"The Choctaw Indians (Native Americans) of the American South were the first to use ground, dried sassafras leaves as a seasoning," according to Wikipedia. It was also an important medicinal plant to any Native Americans living within its range. Later, it was discovered that Sassafras contains safrole, which apparently causes liver damage in laboratory animals, and was banned. It was found that this substance is most highly concentrated in the bark and roots of the tree, far less so in the leaves. Safrole is common enough and also found in other spices such as nutmeg, star anise or black pepper, and generally only small amounts are used to sprinkle over File Gumbo.

Powdered young sassafras leaves are best used at the end of cooking, as the powder turns stringy if boiled. The word "filé," is likely taken from the French "filer," meaning stringy or ropy. It has a slight thickening property, much as the okra does, for Gumbo.

Most often used in Creole cooking, Filé Powder is a flavoring and thickening agent. Use it or not, as you choose. I think it makes Gumbo taste wonderful!

My passion is teaching people how to create a harmony of flavors with their cooking, and passing along my love and joy of food, both simple or exotic, plain or fancy. I continue my journey in ethnic and domestic cuisines, trying new things weekly. I would love to hear from you, to help me continue my journey to explore diverse culinary experiences and hopefully to start you on a journey of your own. Join me also at A Harmony of Flavors on Facebook, and Pinterest and sign up for my Newsletter.

Tuesday, January 16, 2018

First Time Working with Lamb Shanks

I should make that plural and say '"First Times" Working with Lamb Shanks'. This dish turned out so good I made it twice in a couple of weeks in December. Prior to that I had never made lamb shanks before. The one big reason for this is that I had never been able to find lamb shanks in past, but recently our local Walmart store has been carrying them! Since this happy event coincided with all the delving into Middle Eastern cuisine of late, it was truly serendipitous.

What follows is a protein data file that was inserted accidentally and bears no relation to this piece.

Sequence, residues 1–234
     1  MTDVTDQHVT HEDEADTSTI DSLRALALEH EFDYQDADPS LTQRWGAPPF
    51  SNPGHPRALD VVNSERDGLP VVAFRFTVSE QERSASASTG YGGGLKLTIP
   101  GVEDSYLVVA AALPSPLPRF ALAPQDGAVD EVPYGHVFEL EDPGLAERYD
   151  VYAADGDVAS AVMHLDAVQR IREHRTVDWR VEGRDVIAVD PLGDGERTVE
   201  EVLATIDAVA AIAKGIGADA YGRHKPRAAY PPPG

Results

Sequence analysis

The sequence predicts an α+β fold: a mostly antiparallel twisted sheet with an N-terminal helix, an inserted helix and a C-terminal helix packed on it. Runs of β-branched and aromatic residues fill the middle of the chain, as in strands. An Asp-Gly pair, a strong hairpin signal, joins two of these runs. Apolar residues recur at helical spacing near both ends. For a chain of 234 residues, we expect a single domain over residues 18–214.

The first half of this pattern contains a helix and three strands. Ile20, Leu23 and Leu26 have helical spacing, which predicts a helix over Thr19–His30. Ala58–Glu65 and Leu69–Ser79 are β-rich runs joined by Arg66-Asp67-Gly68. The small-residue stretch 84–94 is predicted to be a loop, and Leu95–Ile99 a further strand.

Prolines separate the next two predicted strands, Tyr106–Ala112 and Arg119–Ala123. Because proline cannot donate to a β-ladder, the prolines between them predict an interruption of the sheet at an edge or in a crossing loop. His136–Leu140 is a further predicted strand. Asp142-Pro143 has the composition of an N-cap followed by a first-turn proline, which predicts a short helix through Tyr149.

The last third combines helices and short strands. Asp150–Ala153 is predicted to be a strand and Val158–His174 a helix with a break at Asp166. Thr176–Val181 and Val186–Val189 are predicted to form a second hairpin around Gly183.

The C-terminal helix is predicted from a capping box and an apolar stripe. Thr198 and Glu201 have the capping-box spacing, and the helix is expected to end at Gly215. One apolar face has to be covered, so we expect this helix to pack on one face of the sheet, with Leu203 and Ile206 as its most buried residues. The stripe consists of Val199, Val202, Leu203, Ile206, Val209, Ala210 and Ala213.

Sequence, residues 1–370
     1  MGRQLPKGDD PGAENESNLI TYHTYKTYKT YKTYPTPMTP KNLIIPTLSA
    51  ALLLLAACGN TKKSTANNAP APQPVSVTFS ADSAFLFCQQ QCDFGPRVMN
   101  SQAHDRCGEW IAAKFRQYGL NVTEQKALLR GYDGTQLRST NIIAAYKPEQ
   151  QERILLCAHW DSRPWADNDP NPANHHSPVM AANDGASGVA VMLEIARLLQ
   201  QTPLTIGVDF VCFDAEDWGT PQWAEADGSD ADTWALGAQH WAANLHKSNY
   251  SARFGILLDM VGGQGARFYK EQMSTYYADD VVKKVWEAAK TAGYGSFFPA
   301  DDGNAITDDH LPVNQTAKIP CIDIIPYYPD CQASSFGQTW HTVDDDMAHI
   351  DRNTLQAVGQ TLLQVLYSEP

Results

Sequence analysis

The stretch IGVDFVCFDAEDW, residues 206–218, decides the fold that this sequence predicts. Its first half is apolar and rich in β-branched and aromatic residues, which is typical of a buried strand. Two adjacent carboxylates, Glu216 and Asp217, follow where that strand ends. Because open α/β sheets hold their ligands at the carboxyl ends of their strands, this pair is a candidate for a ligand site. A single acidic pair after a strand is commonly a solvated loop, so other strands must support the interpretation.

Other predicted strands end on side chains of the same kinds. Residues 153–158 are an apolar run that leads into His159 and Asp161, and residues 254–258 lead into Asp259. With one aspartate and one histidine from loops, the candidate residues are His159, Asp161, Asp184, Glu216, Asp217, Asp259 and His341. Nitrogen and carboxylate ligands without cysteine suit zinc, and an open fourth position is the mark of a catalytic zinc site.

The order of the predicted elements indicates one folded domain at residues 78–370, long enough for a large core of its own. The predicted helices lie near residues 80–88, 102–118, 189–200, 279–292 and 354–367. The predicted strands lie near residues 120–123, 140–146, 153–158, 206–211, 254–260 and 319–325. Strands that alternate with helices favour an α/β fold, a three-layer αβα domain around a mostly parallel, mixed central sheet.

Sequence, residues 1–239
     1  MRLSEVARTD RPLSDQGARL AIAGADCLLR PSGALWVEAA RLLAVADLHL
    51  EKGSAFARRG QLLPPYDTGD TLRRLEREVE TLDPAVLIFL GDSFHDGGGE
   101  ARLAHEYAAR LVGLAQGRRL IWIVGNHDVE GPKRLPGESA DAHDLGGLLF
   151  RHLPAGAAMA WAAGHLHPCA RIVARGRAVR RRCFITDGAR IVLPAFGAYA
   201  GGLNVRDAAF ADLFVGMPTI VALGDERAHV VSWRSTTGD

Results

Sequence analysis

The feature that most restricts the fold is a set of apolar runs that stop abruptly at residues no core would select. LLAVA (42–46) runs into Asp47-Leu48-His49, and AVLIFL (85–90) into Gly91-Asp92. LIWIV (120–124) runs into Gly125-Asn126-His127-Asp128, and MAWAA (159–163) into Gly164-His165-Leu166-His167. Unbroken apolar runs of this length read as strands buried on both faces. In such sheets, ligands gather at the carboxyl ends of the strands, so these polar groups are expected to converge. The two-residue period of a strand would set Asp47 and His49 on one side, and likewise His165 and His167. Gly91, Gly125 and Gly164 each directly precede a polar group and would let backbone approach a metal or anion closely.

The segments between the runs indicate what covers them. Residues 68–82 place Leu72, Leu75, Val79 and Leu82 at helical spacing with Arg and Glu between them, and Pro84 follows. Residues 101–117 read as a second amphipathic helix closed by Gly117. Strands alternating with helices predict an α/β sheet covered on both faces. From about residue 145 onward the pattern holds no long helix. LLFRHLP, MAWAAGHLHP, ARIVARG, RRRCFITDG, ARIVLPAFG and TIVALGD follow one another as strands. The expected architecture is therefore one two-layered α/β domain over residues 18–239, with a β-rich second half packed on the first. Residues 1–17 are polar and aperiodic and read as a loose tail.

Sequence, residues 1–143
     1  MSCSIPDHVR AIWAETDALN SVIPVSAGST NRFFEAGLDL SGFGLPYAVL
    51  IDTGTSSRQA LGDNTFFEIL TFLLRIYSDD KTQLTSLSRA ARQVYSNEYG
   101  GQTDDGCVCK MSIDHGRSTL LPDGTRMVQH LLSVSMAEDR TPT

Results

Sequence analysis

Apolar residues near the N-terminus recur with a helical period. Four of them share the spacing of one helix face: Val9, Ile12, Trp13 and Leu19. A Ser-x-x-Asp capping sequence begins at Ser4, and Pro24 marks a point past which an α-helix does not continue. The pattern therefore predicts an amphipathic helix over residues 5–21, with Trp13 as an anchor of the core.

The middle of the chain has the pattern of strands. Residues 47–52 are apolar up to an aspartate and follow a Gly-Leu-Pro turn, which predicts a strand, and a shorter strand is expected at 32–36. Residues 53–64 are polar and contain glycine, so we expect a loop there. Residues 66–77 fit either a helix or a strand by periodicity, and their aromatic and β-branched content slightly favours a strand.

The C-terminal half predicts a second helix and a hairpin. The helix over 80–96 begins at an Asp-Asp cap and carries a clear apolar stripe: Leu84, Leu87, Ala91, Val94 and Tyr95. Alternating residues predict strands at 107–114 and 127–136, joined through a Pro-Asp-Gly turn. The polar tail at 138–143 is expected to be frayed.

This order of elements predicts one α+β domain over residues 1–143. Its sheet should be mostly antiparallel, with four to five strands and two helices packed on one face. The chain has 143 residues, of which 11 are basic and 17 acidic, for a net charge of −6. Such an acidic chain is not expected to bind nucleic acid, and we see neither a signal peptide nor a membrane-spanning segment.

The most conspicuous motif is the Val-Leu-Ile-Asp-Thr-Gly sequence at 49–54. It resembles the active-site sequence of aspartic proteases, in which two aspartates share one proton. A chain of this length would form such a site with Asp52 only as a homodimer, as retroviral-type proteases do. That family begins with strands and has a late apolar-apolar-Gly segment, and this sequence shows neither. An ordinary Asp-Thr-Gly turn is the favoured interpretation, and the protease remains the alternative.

The first time I made this recipe, it was after reading into all the new cookbooks my husband had gotten for me so I could learn about Middle Eastern flavors and cuisines, and then searching the internet for recipes using lamb shanks in particular. I wished I had a lovely tagine pot to use, but alas, that is still somewhere in the future, for me. I still hold out hopes. 😉 
Moroccan Style Lamb Shanks
Moroccan Style Lamb Shanks served with Freekah

As usual, after extensive reading, I start writing down the things that sounded good to me for a recipe. I have mentioned before that I am not a huge fan of cumin. I realize that it is used extensively in many cuisines, but if I can taste cumin as a predominant flavor, it is too much. For me, that ruins the dish completely. I do use cumin - even extensively. I just do not add it in larger amounts. So if someone uses a tablespoon of cumin in a dish - I don't care how large the servings - it is going to overwhelm. I trim back the amounts to what I can tolerate. In a similar manner, I have learned to use fractions of the amounts of hot chilies and hot spices, because my husband cannot tolerate them. My harissa mixture has all the flavors, but only a tiny fraction of cayenne. And so this is how I concoct a recipe; an eye out for things that appeal, or things that don't, as it should be for anyone who loves cooking.

Moroccan Style Lamb Shanks on the bone
Moroccan Style Lamb Shanks on the bone
Once I had all the ingredients written down as I wanted, I began to put together this wonderfully flavored dish using lamb shanks, and it came out so heavenly good that I made it a second time about 10 days later.  

I began with creating a wet spice mixture. I had made "Rose Harissa" a week or so prior to making this dish, and used some of that Harissa in my wet spices. Saffron is a true favorite of mine, and as my husband has no problem with saffron flavor, I do use it in some quantity. I had read in various places that pounding garlic, salt and saffron together is a good beginning for the wet spices that will go into this stew. 

The first two photos in the series below show the garlic, salt and saffron whole, then pounded together. In the third photo across the top row I have blended the whole spices into a powder and add these to the garlic mixture along with some oil and Rose Harissa, 4th photo across top. (If you have regular Harissa, simply adding some soaked rose petals and/or rose flower water, about 1 tsp per cup of Harissa, will give you "Rose Harissa"). This, in turn gets mixed together with a can of petite diced tomatoes, making the base sauce, 5th photo across top

Assembling Moroccan Style Lamb Shanks
Assembling Moroccan Style Lamb Shanks